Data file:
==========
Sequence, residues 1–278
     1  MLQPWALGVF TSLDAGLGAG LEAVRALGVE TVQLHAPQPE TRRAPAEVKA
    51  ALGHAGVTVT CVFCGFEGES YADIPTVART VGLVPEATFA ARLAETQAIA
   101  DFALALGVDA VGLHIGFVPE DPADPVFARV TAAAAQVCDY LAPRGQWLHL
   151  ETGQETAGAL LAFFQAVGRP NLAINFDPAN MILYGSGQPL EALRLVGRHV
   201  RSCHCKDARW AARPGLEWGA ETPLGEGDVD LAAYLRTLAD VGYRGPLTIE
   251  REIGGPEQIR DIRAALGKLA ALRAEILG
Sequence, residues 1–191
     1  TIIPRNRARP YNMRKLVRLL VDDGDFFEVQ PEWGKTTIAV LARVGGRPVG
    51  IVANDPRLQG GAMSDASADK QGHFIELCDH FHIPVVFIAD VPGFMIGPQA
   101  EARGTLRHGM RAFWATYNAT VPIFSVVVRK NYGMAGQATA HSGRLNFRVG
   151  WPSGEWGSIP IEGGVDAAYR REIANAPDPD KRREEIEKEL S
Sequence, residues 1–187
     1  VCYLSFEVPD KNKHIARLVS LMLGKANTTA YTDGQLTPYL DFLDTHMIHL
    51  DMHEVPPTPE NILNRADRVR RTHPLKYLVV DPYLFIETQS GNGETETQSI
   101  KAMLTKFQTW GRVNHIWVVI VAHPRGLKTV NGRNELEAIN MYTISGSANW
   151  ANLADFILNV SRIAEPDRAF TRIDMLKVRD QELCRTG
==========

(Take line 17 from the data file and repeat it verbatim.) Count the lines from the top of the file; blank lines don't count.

   151  ANLADFILNV SRIAEPDRAF TRIDMLKVRD QELCRTG